Victims of serious crimes may apply for a U visa, which grants temporary, legal status in the United States. You may apply for a U visa if you have been a serious crime victim and are assisting U.S. enforcement agencies with an investigation or prosecution. In order to qualify for a U visa, you will need to have a completed and valid U visa certification. U visas are similar to other visas. Before proceeding, it is important to learn the difference between U visas and T visas. To learn if you are eligible for a U visa, visit our page:
What is U Visa Certification?
To apply for a U visa, you must complete form l-918, Petition for U Nonimmigrant Status, for the U.S. Citizenship and Immigration Services (USCIS). In addition, you must have a document, known as a “Certification of Helpfulness” or U Visa Certification, indicating that a law enforcement official has approved your request.
If you wish to apply for a U visa or need to know more about the Certification of Helpfulness, call our office or send a message online to tell us about your case. We can explain your options and will assist you through the entire process.
Which Agencies and Officials May Complete the Certification?
Certification for a U visa is generally completed by local, state, or federal police departments and prosecutors. However, any state or federal agency with the “responsibility for the investigation or prosecution of a qualifying crime or criminal activity” may complete the Certification of Helpfulness.
How Law Enforcement Determines if You Are “Helpful” to the Criminal Case
Although the law does not specifically define what is considered “helpfulness” to law enforcement in the investigation and prosecution of serious crimes, USIS does provide guidelines to agencies that certify U visa applications. You may be considered “helpful” if you:
- Are a victim of and have information about a qualifying crime
- Have given such information to or are currently assisting law enforcement
- Are able to provide useful information in the future that may aid in the investigation and/or prosecution of involved criminals
- Have not refused a reasonable request or cooperation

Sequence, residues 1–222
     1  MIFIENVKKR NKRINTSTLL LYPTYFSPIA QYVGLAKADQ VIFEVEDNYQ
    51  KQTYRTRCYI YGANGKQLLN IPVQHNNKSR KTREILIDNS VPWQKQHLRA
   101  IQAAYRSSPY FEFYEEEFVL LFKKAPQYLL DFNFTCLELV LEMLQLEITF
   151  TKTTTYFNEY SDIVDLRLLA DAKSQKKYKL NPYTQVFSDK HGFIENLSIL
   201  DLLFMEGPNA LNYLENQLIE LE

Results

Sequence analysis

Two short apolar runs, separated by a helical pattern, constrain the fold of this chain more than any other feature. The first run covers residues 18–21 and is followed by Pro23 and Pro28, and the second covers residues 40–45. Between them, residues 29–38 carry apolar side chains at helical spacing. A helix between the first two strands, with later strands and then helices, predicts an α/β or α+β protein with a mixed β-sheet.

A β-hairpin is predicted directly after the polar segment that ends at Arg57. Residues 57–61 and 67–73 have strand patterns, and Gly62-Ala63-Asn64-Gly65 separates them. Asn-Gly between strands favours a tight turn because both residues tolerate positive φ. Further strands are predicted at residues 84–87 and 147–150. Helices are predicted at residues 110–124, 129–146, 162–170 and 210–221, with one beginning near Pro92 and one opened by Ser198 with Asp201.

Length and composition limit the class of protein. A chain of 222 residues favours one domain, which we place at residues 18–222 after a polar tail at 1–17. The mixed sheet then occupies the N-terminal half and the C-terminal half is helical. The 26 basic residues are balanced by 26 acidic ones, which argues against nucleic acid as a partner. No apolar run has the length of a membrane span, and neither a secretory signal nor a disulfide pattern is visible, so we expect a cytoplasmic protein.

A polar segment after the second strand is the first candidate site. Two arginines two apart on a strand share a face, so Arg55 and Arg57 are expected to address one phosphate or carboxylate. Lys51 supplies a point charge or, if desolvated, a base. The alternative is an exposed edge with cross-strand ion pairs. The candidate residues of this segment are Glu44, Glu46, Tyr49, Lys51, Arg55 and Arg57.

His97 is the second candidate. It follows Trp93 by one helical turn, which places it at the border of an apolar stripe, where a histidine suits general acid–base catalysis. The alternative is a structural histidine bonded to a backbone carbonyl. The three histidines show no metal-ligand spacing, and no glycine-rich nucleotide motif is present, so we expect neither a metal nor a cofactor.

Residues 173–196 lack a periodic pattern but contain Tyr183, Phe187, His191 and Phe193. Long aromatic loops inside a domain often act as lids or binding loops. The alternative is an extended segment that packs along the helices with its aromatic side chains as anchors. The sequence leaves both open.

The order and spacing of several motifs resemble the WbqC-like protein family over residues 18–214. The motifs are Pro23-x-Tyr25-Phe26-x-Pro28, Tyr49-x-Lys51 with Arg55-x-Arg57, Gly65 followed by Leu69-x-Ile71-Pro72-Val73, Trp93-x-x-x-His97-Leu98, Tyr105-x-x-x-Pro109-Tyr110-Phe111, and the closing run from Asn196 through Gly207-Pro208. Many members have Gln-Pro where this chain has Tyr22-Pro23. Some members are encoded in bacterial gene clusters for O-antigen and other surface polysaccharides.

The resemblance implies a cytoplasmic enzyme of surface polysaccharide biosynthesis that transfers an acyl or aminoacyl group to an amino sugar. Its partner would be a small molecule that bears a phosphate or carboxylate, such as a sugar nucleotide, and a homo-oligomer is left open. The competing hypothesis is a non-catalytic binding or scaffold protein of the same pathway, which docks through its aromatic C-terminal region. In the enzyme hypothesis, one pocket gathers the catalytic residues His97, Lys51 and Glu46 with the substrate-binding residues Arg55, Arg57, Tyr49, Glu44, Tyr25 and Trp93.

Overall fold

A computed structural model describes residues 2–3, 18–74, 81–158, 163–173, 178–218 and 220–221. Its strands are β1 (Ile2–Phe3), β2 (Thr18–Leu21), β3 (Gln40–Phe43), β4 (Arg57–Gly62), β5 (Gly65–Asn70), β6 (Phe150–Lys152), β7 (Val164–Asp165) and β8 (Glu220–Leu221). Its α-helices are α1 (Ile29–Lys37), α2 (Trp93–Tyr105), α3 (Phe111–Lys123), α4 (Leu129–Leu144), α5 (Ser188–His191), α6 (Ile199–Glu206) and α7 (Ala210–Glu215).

Law enforcement can decide whether or not you are helpful to them and whether they should grant you the Certification of Helpfulness.
What Type of Information is Helpful?
Law enforcement agencies are interested in the many ways your information will aid the investigation and prosecution of those who victimized you. The more details you can provide, the better are your chances that an official will complete a Certification of Helpfulness. You can best indicate your interest in bringing the perpetrators to justice by being as forthcoming as possible with details and evidence about the crime. This could include but is not limited to providing:
- Identification of the criminals involved, such as names and addresses, or participation in a lineup demonstration
- Information that could help to apprehend the perpetrators, such as places they may be “hiding out,” names of family and friends who may have information about their locations
- Details about vehicles they may be using.
- Details that help the prosecution convince a jury that the accused is guilty of the crime, refute the criminal’s alibi
- Give support to the motive for committing the crime, or help to determine what penalty or sentencing should be requested
- Evidence that could help the prosecution to upgrade the seriousness of the crime or could lead to charging the involved criminals with other crimes
- Agreement to testify as a witness if the case goes to trial
Why You Should Work With an Immigration Lawyer
Many – but not all – agencies agree to provide a Certification of Helpfulness at the start of an investigation in order to obtain credible evidence as well as a potential witness. They do so because they know you will be unable to obtain a U visa without the certification Unfortunately, there are situations when law enforcement does not treat an individual fairly. It is important to work with an immigration lawyer to make sure you are not taken advantage of by law enforcement and that your rights are protected.
We Are Ready to Help You!
In some circumstances, a police officer or prosecutor could use your need for certification to make you an unwilling witness or participant in an investigation, such as wearing a wire to obtain information. For your own protection, you should have an experienced immigration attorney or advocate who is familiar with U visas at your side. Call Tucker, Nong and Associates today to learn if U visas and U visa certifications – we are here to help you.